R,,
which is proportional to feedback gain, the position
of
the poles
pi
and
po
changes and makes useless usual rootlocus tech niques. We developed a software tool able to find root locus defined by the equation
K
+
D(s)
=
0
to obtain information that can drive the design process.
3.
DESIGN GUIDELINES
AND
SOFlWARE
The design procedure that we propose consists of the follow ing steps Derive the smallsignal models
of
photodiode, forward gain block, and buffer. This step is quite critical be cause we have
to
use a simple model
to
fit the response
of
a multistage amplifier. We have also verified that in many situations the model represented by Eqs.
(7)
is accurate enough up to
10GHz.
Choose the range of value
of
feedback resistor to be used to evaluate the root locus. This choice is driven by the desired gain value. Compute and present the root locus. This step can be easily worked out by means of a software tool, which uses Cardano rule to find the poles. Examine the root locus with respect to the frequency response characteristics
of
the receiver. The locus is plotted
on
polar coordinates to obtain information about the modulus and phase
of
the roots. Under dominant pole conditions, as is usually verified, the bandwidth of the receiver can be obtained by the modulus
of
the roots, and the peaking from the phase of the roots, as follows: where
w,
is the frequency
of
the dominant poles;
w,,
=
ondm
s the frequency where
IW jw)l
has its maximum and
4
is
the angle between the
axis
jw
=
0
and the line starting in the srcin and passing through the pole. We consider a good compro mise between the requirements
of
increasing band width and
of
keeping a good shaping of impulse re sponse to choose values
of
peaking in the range
0.1
1
dB. These are obtained when
4
is in the range between
50
and
60 .
When the hypothesis of dominant poles fails Eq.
11)
has to be modified as follows: where
R
is ratio between second and first pole moduli.
MICROWAVE AND OPTICAL TECHNOLOGY LETTERS
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Vol.
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October 20
1994
693
5.
Trim the amplifier parameters.
If
no values of feedback resistor can match the design goals, then to find a solution it is possible to change the parameter set
of
the forward amplifier. This operation is useful in order to characterize the parameters that can improve perfor mance of the receiver and that can be changed in a simple way. The operation ends requiring a new extrac tion of parameter set Step
1 .
6.
Check finally the result with a circuit simulator. At the end
of
Step 4 when a set of parameters is found that shows a good performance, we check the result on a standard simulator.
4.
A
CASE STUDY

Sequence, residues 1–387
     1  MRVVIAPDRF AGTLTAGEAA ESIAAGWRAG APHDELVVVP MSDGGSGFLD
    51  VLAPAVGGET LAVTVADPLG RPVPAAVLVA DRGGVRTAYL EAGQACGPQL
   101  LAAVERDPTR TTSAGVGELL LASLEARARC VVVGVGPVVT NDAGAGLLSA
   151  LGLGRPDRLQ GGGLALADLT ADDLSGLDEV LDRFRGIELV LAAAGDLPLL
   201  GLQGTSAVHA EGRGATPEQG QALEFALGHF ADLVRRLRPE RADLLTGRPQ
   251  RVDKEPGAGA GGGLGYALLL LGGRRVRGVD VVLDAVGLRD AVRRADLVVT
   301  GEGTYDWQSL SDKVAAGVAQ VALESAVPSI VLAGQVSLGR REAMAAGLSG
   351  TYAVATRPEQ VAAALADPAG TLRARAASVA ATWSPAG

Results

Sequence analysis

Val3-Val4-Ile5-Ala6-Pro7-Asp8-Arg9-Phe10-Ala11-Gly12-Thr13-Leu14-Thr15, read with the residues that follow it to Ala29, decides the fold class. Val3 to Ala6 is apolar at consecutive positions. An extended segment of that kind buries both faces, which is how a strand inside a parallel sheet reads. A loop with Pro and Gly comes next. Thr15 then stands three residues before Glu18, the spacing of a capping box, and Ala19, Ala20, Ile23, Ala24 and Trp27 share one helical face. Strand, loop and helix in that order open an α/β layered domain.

We have checked this design method on topologies using as active devices MESFETs from the DaimlerBenz E05 GaAs process. This process is characterized by
fT
=
25 GHz,
f,,,
=
45
GHz, and makes available 0.5pm gatelength devices with gate width in a range from 2001000 pm. The example we present is a receiver made by a voltage gain block in a cascode configuration, followed by a buffer stage. In Figure
3
the cascode stage loaded by a
5004
resistor is shown. The parameter set of the amplifymg net work has been optimized to fit the electrical behavior
of
the forward amplifier. The result of optimization is shown in Figure
4.
To show the accuracy
of
fitting we present in Figures
5
and
6
the location
of
the parameters of the full network CASC) and its model MDCASC). We chose a feedback resistor in the range between 1000
R
and
3000 R
with a
2004
step. The parameters
of
the model are used as input
of
our software, which worked out the root locus shown in Figure
7.
We obtained a couple
of
complex conjugate poles, and the third is outside the plot because its frequency is above
10
GHz. The bandwidth of the receiver can be estimated by the modulus of the lower frequency pole. As explained in Step
5
of Section
3
now we can change each parameter of the model to
find
which improves receiver performances. In Table
1
we present all changes we made,
vdd
T
Fet
231 A
OOA
_I

et231 A
+
Qg
I
+
VO
4
Figure 3
The cascode stage that we have used to verify our design technique
I
I
4
Figure
4
Electrical model
of
the cascode stage
EEsof

Libra

Wed
Par
3
W:
30:
58
1933

w_lndJl
Figure
5
Comparison between
Y
parameters
of
the voltage gain stage and
its
model
EEsof

Libra

Wed
Mar
3
W:
3l:
O
1993

w jwJg1
0
MAGrYElI
+
WAGrY2 WDCASC CASC
0.100
0.050
0. 000
b.
100
1.
ow
FFIEOGHZ
100.
0
Figure 6
Comparison between
Y
parameters
of
the voltage gain stage and its model
\
\
\
\
\
\
\
,.
.
.
'
500
\
so.\
\
..
.
\
.
\
,
'
\
.
\
....
Q
R=3M10
\\
....
F<O>=16.1
5.0
3 0
1.0
Gh=
Figure 7
Root
locus
of
the cascode stage
one parameter at time, and in Figures
813
subsequent changes in root locus. It
is
possible
to
increase bandwidth and to reduce peaking
of
receiver changing
C,,
C,,
and
pf,
which depend on
Cg,,
Cgd
and on the coupling
RdsCps
f
the MESFET, but these
694
MICROWAVE AND OPTICAL TECHNOLOGY LETTERS
/
Vol.
7,
No.
15,
October
20
1994
TABLE
1. List
of
the Changes Made, with the Number
of
Figure, that Shows the Effects on the Root Locus
Figure Parameter Initial value
0)
Final value
(
B)
8
G1
0
mS
1
mS
9
Cl
0 28
pF
0.1
pF
10
G2
2 2
mS
3
mS
11
c2
0.045
pF
0 02
pF
12
70
41
mS
60
mS
2 2
x
1011
s 1
5
x
1011
s1
13
Pf
..r
\
.
\\
.'
\
\
\>..
,\\
.
\\
:
U
b
I
b
I
t
0
R=3000
F<0>=4,0
0
R=lOM F<0>=6.4
1 0
ReCrl
\
\
SOo
\
600\\
\
\
\
\
,.
.. ..
.
\
..
\
.'
\
.

\
_
....
....
IntrlA
\
\
,,
_.
.'
.
SO* \
60*\\
\
'
..
.'
\
\
..
\
.
\
.
\
....
...'
R=3000
.>\
\\
::
?,
F<O>=lC.
.
\
>,W
\=*
'
\
.'.
..\\
v
....
'
,
C..
0
R=lM)O
F<O>=l2.8
\
\
.
\ ,,...
.
..r
\
.
\\
_'
\
\
\>..